Paul Samuelson, at least, took the point. He repudiated a “non-switching theorem” associated with work by him and his students and handsomely acknowledged that Cambridge, UK, was correct. “Pathology illuminates healthy physiology. Pasinetti, Morishima, Bruno-Burmeister-Sheshinski, Garegnani merit our gratitude for demonstrating that reswitching is logical possibility in any technology…If this causes headaches for those nostalgic for the old parables of neoclassical writing, we must remind ourselves that scholars are not born to live an easy existence. We must respect, and appraise, the facts of life.” 
But Samuelson’s generous response was not typical of the economics profession as a whole, which to this day collectively continues to brush aside and deny the relevance of this controversy and, in fact, suppresses virtually all reference to it. Even before Pasinetti’s result became known, however, some Neoclassical economists had explored whether their general approach to “factor rewards” and “marginal productivity” could be pursued by jettisoning production functions and appealing to notions of general equilibrium. 
There are good reasons for doubting this program can really go much beyond sketches for analyzing any real economy. Subsequent research on general equilibrium has emphasized how precarious any such momentary equilibria are.  In addition, as emphasized by Joseph Halevi in some recent lectures, the Cambridge dispute has destructive implications for the stability of Neoclassical versions of growth theory. Not surprisingly, some economists who attend carefully to the Cambridge results think they require a wholesale rethinking of economic theory and especially of the theory of distribution, since the technical conditions of production cannot determine a unique solution for the distributive variables..
But for mainstream economics, we remain in the Magical Realist world of Macondo. Contemporary students of economics rarely hear of the controversy or Samuelson’s straightforward concession to the Cambridge, U.K. critics. Pasinetti’s subsequent work on growth, income distribution, finance, and structural dynamics, as well as the other work of Sraffa, Kaldor, and Joan Robinson are only rarely discussed. Instead, growth models that feature cheerfully guilt free old style production functions proliferate, with most of their consumers and producers seemingly unaware of their fragility. Central bankers and many affluently supported monetary theorists also talk airily about “natural rates” of interest, without realizing that the Cambridge results shake that notion, too. 
Now, however, developments in the world economy, especially soaring inequality within countries and anxieties about the mainsprings of economic growth, are once again bringing to the fore the issues of growth and “factor rewards” that fueled the Cambridge Capital Controversy. Not one, but several reviews of Thomas Piketty’s invaluable Capital in the Twenty-First Century, for example, have emphasized the importance of the Cambridge discussions.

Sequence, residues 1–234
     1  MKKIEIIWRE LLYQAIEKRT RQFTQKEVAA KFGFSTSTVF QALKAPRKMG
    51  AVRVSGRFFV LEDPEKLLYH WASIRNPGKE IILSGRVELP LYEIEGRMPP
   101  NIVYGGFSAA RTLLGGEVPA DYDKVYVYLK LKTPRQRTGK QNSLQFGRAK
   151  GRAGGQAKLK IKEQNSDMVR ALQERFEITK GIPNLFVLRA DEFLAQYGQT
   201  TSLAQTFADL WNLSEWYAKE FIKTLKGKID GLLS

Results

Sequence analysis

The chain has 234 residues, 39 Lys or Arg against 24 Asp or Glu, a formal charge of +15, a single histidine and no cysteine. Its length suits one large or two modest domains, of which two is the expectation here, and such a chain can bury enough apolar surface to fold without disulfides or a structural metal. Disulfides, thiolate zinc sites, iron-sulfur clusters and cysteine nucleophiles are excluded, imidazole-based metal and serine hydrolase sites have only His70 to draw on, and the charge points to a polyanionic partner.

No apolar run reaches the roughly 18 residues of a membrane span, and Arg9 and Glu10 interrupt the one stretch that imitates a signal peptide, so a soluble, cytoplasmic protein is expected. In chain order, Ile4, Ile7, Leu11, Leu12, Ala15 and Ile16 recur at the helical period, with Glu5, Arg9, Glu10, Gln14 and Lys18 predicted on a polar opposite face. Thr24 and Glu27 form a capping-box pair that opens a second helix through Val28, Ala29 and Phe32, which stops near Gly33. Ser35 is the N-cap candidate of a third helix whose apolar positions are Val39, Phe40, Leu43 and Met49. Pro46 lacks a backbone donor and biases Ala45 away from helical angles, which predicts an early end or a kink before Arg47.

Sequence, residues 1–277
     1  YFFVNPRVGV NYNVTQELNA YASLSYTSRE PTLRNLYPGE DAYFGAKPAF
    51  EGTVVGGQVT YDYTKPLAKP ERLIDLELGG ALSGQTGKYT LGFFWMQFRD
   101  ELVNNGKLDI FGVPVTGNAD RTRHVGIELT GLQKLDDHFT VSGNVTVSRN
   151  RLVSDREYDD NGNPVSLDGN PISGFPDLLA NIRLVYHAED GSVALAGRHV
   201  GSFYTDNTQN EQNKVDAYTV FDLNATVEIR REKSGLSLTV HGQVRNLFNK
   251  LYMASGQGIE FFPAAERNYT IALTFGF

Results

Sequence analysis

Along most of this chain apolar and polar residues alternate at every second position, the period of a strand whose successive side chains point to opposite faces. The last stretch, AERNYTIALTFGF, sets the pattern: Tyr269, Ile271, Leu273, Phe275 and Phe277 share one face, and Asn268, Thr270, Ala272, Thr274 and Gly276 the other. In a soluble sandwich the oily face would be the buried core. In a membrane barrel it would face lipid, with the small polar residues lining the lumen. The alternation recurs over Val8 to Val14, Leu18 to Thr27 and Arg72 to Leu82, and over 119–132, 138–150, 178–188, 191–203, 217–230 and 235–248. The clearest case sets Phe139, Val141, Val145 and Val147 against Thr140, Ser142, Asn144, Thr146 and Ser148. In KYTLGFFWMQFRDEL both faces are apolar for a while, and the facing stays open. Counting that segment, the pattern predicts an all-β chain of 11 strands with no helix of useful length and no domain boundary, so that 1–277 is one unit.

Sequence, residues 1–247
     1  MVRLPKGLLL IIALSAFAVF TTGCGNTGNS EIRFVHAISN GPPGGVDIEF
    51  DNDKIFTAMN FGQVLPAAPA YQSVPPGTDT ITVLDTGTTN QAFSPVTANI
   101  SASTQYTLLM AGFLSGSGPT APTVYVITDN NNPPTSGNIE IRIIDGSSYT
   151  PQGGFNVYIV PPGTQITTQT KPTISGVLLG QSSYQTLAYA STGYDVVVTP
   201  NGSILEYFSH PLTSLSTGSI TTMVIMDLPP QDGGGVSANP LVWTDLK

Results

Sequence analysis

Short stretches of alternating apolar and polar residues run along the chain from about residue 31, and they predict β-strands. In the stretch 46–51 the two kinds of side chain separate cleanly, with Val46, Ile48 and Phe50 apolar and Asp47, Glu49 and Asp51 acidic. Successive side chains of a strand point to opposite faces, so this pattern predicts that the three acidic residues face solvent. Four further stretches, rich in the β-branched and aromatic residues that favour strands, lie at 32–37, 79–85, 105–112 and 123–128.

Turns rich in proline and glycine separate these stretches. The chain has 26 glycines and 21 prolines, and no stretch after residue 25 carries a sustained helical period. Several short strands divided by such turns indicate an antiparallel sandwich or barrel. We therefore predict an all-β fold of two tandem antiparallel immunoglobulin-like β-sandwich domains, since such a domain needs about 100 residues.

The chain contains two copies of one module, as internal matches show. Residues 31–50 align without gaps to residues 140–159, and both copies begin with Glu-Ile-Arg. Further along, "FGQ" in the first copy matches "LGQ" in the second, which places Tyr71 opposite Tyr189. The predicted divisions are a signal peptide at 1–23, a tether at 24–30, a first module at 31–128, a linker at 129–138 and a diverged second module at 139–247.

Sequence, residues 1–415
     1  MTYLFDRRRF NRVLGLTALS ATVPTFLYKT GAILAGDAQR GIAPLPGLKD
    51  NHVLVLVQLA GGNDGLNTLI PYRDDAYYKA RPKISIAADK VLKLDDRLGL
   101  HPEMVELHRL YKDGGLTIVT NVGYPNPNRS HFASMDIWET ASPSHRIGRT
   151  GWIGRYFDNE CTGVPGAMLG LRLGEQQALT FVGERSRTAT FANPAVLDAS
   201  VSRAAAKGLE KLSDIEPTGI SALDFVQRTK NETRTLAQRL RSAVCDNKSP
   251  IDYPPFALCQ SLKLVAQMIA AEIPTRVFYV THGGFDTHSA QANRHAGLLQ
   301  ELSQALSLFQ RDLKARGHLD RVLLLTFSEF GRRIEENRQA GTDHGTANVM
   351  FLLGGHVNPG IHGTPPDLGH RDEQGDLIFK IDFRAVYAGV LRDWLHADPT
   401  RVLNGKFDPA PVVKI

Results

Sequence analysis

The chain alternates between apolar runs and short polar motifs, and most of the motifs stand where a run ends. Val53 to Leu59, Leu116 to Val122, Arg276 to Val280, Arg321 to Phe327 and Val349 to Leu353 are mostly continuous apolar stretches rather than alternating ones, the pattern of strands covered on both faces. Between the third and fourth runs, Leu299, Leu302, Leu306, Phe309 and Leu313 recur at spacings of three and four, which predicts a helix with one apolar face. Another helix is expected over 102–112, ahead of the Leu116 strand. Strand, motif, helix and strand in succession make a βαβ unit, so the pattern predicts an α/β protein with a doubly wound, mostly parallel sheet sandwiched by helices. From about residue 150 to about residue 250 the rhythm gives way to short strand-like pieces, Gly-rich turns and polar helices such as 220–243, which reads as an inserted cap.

Believable “general equilibrium” approaches to this brave new world are few and far between. At best one finds highly contrived Dynamic Stochastic General Equilibrium Models that have nothing to say about soaring corporate compensation, the real political economy of tax cuts and starvation public budgets, or rising mark ups in major big business sectors.
Sometimes the fastest route to new economic thinking begins with a careful study of existing strands of economic theory, especially when its protagonists have so clearly been right about so many subsequent policy questions and won the basic theoretical debate.  In the summer of 2014 the Institute for New Economic Thinking interviewed Professor Luigi Pasinetti for several hours over the course of a week. Dr. Nadia Garbellini was the interviewer. I also interviewed Professor Pasinetti and Dr. Marcello de Cecco together for one special session.
Professor Pasinetti relates some of the high points of his distinguished career in the videos: Born near Bergamo in the north of Italy, he compiled a brilliant academic record that eventually won him fellowships to Cambridge University, Oxford, and Harvard. He describes how his thinking evolved at Cambridge, where he was first supervised by Richard Goodwin, then by Richard Kahn, and actively engaged with Nicholas Kaldor, Joan Robinson, and Piero Sraffa.
One of the high points of the whole series is his discussion of the conference panel at which he first presented his famous paper on the Capital Controversy. But many viewers and readers may find Pasinetti’s discussions of growth and income distribution, multi-sectoral economic models, and international trade a very helpful way into his later work. There are some other good sources also, including Pasinetti’s website at the Catholic University of Milan.
In Márquez’s novel, when the government declared that up was down, it poured rain in Macondo for almost five years, leading to floods that washed away most of the town. But economists ought to be capable of coming in out of the rain. Our hope is that these interviews with one of the great figures of contemporary economics will lead to some serious rethinking of fundamental tenets of mainstream thinking.
INET has recently published an outstanding paper by Joseph Halevi that traces much of Professor Pasinetti's thinking, and we urge all readers to explore this excellent introduction to the meaning and importance of Pasinetti's work.
Pasinetti’s Intellectual Formation; Italy and the two Cambridges